03-14-2018, 02:10 PM   #6
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I have the K-1, 24-70 and some FA Limiteds (43, 77). I also use single point select AF, with back button AF and shutter half-press AF disabled. This is what I can say from my own practical experience (please note I didn't bother to try and calibrate anything, I just mount the lens and shoot away):

- the FA Limiteds AF is improved when mounted on the K-1 as compared to the K5IIs. Maybe not faster, but better percentage of in-focus pictures;
- The DFA 24-70mm has definitively faster AF as compared to the Limiteds, no question about it. The Limiteds are ok, but they tend to hunt a little bit and lose time, especially in low light;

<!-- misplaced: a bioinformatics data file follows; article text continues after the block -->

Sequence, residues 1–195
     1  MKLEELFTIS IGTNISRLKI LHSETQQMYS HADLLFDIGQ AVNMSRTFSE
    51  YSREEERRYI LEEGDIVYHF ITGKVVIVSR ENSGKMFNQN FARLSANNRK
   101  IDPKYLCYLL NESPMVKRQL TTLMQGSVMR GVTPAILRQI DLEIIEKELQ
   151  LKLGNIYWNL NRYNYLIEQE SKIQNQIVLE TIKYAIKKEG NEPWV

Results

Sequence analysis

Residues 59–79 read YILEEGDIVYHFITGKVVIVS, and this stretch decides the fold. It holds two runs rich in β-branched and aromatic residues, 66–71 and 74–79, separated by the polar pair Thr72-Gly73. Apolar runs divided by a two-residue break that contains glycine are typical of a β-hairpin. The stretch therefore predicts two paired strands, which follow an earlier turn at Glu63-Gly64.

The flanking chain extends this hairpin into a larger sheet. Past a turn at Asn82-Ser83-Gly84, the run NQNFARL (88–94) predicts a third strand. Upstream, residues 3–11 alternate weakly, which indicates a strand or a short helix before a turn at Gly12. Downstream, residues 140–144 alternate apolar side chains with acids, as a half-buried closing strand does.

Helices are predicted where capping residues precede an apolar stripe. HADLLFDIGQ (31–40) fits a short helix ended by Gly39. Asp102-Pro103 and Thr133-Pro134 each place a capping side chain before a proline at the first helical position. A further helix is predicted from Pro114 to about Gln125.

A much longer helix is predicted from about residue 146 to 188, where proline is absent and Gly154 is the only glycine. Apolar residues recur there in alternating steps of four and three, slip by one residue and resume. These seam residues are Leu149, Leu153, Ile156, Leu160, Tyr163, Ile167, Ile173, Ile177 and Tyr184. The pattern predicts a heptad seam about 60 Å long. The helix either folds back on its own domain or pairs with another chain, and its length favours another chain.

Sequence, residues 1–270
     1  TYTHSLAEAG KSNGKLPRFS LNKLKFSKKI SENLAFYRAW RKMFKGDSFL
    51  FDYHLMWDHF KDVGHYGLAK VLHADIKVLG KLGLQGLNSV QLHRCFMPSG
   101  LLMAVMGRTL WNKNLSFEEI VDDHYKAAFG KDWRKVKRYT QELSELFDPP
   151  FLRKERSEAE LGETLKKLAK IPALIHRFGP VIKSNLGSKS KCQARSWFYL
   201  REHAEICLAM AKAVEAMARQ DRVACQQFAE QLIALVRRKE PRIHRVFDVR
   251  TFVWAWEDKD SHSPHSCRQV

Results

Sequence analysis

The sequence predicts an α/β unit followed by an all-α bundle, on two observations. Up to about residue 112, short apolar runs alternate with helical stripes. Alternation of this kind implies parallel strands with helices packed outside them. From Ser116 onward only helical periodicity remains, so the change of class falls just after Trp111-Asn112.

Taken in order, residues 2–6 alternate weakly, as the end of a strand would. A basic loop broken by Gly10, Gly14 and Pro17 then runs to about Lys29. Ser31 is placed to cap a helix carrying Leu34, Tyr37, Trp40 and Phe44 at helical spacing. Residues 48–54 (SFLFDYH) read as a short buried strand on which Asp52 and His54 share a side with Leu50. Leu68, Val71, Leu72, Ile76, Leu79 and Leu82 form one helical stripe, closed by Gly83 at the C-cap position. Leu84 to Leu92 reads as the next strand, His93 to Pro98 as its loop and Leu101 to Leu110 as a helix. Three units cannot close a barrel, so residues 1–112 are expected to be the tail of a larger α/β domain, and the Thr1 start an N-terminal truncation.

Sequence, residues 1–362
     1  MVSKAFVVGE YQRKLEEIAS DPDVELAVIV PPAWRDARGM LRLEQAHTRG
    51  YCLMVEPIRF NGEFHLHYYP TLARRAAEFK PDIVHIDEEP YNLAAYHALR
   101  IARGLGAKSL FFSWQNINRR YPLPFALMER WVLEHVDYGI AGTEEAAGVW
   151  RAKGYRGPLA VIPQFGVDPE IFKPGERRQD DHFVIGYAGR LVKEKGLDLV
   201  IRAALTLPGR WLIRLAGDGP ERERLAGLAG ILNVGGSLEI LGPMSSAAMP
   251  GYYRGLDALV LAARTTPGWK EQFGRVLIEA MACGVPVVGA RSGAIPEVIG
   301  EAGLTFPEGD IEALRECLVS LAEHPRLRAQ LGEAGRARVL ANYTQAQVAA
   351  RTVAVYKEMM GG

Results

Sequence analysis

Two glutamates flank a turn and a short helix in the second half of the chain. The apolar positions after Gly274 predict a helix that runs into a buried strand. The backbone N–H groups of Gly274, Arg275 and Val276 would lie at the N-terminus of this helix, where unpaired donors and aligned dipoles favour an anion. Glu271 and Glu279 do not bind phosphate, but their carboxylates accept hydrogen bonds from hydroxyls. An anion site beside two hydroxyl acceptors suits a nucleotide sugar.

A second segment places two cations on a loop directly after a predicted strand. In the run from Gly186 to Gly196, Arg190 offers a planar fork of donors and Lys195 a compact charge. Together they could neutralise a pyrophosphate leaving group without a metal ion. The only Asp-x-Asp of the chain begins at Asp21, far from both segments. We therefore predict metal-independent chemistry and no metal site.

- The DFA 24-70mm is not perfect... in a weird way. Sometimes I shoot events in places with bad light (bars, clubs, concerts etc) and I get close to 100% pictures in focus. I am amazed. Next day it misses focus in broad daylight for no obvious reasons, with static subject. So what gives?

Overall I would say 1) K-1 is a huge improvement as compared to K5IIs regarding any lens and 2) 24-70 is definitively faster, and I would also say more precise if not for some weird misses from time to time. Maybe calibration can help? I really don't care about it, I'm not a professional photographer and most of my shots are landscapes or some other type of static shots where I can use contrast AF in live view.
03-14-2018, 02:19 PM   #7
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QuoteOriginally posted by Adam Quote